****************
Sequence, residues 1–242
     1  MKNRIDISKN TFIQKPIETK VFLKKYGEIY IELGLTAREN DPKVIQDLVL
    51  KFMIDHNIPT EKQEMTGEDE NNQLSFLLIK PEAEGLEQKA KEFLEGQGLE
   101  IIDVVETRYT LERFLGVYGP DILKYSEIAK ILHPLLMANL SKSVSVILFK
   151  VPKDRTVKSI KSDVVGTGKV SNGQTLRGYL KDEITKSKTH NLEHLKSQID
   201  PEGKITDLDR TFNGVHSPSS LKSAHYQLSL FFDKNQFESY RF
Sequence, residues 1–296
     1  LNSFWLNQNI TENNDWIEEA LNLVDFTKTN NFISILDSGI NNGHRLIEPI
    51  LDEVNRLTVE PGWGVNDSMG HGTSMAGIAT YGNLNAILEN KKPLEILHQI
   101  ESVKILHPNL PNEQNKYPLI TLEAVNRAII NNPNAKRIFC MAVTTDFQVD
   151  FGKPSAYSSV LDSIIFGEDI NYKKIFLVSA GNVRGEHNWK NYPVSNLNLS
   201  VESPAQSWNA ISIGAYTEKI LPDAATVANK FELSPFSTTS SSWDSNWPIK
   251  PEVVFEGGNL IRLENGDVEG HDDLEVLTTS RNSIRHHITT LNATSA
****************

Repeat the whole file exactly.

Sequence, residues 1–242
     1  MKNRIDISKN TFIQKPIETK VFLKKYGEIY IELGLTAREN DPKVIQDLVL
    51  KFMIDHNIPT EKQEMTGEDE NNQLSFLLIK PEAEGLEQKA KEFLEGQGLE
   101  IIDVVETRYT LERFLGVYGP DILKYSEIAK ILHPLLMANL SKSVSVILFK
   151  VPKDRTVKSI KSDVVGTGKV SNGQTLRGYL KDEITKSKTH NLEHLKSQID
   201  PEGKITDLDR TFNGVHSPSS LKSAHYQLSL FFDKNQFESY RF
Sequence, residues 1–296
     1  LNSFWLNQNI TENNDWIEEA LNLVDFTKTN NFISILDSGI NNGHRLIEPI
    51  LDEVNRLTVE PGWGVNDSMG HGTSMAGIAT YGNLNAILEN KKPLEILHQI
   101  ESVKILHPNL PNEQNKYPLI TLEAVNRAII NNPNAKRIFC MAVTTDFQVD
   151  FGKPSAYSSV LDSIIFGEDI NYKKIFLVSA GNVRGEHNWK NYPVSNLNLS
   201  VESPAQSWNA ISIGAYTEKI LPDAATVANK FELSPFSTTS SSWDSNWPIK
   251  PEVVFEGGNL IRLENGDVEG HDDLEVLTTS RNSIRHHITT LNATSA